Tamanna Mohapatra

Currently, I have my hand in many pies because I can’t refuse the opportunity to be part of the solution team. I am primarily helping Medair, a Swiss-based humanitarian organization, calculate its carbon footprint. Secondly, I help a French NGO, Asso-Eko, maintain its website. Recently, I attended a Swiss Govt. sponsored food system workshop, and I am working with folks at a Bern-based university to develop an app. The goal of the app is to help reduce consumer food waste and motivate users to eat better. I am also a board member for a Brooklyn-based non-profit called Human Impact Institute, and lastly, there is the role of being a West Europe Ambassador for Thought for Food.

Tell us a bit about your career. What do you love about your job and how did you get here?

I have about eighteen years of work experience as a Business Analyst and a Project Manager. My industries range from tech start-ups, web, telecoms, and insurance to academia. What I love about my job so far is interacting with others, trying to understand their problems, and then offering them a technical or improved business process solution. I love to ask “why/why not?” and help businesses see the facts in a new light.

What advice would you share with young people who hope to contribute to sustainable food systems and farming?

Don’t give up. Learn about your world and learn about your part in making it better. Do your research. See how everything and everyone is connected and just start somewhere. Always try and work on the needs vs. the wants.

How does agriculture need to change to be more sustainable?

Currently, much could be improved in our agricultural practices. There is too much reliance on chemicals as a quick-fix solution. Too much land is being employed in agriculture. We harvest a lot thinking we must feed the human population of eight billion people, but then end up wasting so much food. Agriculture is one of the main sources of greenhouse gases. Then, there is excess use of fresh water and the flying of food from one end of the world to the other just to let it perish on grocery or refrigerator shelves. All of these practices need to be looked at and revised to make agriculture more sustainable.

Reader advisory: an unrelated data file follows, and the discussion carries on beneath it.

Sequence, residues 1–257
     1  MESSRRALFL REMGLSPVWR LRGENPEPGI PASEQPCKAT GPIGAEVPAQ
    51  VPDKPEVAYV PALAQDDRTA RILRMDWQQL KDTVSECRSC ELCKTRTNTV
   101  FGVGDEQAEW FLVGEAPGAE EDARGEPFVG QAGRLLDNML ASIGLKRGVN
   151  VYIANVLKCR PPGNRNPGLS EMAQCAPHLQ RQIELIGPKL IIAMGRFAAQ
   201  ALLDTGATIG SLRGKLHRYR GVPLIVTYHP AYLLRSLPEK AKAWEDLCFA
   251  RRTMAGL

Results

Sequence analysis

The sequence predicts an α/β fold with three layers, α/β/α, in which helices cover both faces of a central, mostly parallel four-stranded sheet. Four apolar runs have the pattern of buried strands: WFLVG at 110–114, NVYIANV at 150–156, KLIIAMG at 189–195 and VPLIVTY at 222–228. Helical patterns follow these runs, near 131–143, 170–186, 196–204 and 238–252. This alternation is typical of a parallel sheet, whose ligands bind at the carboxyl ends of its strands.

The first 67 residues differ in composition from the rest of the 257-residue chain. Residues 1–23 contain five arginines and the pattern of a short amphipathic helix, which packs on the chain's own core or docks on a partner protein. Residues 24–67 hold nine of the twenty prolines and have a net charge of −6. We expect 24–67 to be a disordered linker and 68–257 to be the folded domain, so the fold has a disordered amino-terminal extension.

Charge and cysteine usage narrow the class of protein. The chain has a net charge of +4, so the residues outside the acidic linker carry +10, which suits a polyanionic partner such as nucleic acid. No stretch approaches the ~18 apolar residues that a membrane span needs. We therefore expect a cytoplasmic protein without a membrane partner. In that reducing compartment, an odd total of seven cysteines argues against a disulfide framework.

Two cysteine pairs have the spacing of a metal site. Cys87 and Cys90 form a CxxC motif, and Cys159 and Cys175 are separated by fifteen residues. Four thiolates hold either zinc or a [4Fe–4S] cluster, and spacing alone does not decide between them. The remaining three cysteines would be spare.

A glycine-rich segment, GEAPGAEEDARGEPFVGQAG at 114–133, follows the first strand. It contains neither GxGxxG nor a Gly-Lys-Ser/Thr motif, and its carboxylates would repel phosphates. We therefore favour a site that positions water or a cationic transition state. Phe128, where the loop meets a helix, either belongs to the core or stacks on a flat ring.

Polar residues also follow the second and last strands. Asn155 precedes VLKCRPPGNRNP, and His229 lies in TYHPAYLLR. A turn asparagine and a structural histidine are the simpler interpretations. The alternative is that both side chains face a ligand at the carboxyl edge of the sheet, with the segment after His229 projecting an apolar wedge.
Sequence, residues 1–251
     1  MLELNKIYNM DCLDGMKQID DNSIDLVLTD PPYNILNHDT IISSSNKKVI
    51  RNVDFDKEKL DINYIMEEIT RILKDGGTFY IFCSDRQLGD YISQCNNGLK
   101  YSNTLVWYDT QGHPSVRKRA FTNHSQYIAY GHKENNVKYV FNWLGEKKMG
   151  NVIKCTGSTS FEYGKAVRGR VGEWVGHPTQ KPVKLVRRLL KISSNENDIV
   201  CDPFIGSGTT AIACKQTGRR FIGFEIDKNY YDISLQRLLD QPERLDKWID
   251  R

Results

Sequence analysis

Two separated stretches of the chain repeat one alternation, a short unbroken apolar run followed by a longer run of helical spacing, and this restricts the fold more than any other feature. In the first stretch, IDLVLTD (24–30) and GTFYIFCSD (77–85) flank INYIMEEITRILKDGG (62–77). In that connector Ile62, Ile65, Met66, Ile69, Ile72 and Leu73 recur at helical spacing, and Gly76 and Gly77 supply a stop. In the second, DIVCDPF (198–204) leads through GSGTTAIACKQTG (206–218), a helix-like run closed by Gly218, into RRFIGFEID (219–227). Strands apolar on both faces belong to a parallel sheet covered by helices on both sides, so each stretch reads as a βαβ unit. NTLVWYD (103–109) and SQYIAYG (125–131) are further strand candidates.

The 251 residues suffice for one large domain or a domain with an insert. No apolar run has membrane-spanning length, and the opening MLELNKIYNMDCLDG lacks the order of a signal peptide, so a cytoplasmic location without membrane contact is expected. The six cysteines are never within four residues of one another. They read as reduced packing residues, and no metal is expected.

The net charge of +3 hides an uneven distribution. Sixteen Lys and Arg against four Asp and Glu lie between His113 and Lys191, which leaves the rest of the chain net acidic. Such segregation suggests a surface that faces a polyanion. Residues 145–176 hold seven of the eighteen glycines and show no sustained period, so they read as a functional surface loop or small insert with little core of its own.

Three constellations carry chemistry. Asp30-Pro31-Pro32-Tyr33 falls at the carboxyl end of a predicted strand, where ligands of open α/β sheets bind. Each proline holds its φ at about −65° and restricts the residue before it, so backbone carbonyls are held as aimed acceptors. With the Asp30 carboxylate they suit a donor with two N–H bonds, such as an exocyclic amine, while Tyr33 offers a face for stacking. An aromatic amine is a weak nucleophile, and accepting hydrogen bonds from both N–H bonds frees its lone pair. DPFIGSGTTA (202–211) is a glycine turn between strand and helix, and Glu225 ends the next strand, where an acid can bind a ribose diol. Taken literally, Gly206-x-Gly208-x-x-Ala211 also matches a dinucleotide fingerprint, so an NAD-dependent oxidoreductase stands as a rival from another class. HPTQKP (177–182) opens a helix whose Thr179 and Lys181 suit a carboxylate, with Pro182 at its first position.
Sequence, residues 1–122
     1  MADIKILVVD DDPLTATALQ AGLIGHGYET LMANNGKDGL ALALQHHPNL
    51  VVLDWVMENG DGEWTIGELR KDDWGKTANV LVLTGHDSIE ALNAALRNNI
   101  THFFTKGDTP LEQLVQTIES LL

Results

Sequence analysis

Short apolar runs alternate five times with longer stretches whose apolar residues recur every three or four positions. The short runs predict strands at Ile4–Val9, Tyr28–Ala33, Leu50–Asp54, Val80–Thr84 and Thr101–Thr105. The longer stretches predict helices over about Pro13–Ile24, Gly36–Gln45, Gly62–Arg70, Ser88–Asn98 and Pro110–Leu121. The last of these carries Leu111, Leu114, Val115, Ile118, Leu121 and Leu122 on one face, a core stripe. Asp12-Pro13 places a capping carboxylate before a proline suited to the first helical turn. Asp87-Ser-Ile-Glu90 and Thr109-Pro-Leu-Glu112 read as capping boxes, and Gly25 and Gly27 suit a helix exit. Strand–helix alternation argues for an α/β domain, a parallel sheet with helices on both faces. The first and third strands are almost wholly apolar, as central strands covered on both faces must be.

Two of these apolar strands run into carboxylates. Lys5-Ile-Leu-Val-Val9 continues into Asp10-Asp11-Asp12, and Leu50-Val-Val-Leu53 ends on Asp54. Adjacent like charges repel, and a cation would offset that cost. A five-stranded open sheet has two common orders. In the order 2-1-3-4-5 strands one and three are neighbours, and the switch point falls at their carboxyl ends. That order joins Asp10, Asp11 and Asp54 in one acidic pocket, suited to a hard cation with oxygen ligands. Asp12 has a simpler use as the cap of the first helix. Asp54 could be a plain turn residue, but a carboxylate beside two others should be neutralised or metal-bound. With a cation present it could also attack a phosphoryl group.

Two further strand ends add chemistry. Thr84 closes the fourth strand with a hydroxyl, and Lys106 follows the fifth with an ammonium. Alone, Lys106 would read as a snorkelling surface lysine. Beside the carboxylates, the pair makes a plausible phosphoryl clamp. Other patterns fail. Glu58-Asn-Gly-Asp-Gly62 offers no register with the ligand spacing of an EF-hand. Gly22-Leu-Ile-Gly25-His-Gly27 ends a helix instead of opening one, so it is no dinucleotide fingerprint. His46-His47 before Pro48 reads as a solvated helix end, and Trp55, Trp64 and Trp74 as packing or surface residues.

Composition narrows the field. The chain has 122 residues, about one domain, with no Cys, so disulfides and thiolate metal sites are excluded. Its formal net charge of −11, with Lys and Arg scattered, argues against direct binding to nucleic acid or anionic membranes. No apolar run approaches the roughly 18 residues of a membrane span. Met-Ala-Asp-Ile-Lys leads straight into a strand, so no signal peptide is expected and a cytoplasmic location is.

How can science and innovation help promote sustainability in food and agriculture?

Communication is one means by which science and innovation can help promote sustainability in food and agriculture. Technology can help spread ideas and news faster and to all corners of the world. Technologies like artificial intelligence, traceability, blockchain, precision technology, and drone usage all have a major role in helping agriculture around the world be more sustainable.

In what ways are you leveraging innovation to promote strong food systems?

Much research is being done on topics of my personal interest, such as food waste. I am always on top of the latest research and solutions from around the world. For example, Twiga is an African app that provides a marketplace for farmers and small retailers. Then there is PDD, which connects farmers to consumers who buy produce as a group and help prevent farm waste. Afresh is a US-based company trying to digitize the paper-based inventory management system in the grocery chain. A lot is happening. A lot more needs to happen. It’s an exciting time to be alive.

How do you see next-generation agricultural technologies contributing to biodiversity, climate change, and food loss and waste?

Many of the problems facing the natural world, including loss of biodiversity, deforestation, climate change, and food loss and waste could be addressed by examining our existing agricultural practices and beliefs. To usher in a new and better world, we need to seek next-generation thoughts, processes, and technologies in the agricultural space.

Tamanna is just one of many inspirational young people working in agriculture. Visit our NextGen #FoodHeroes page to hear from other next-gen innovators working to improve plant science and nutrition.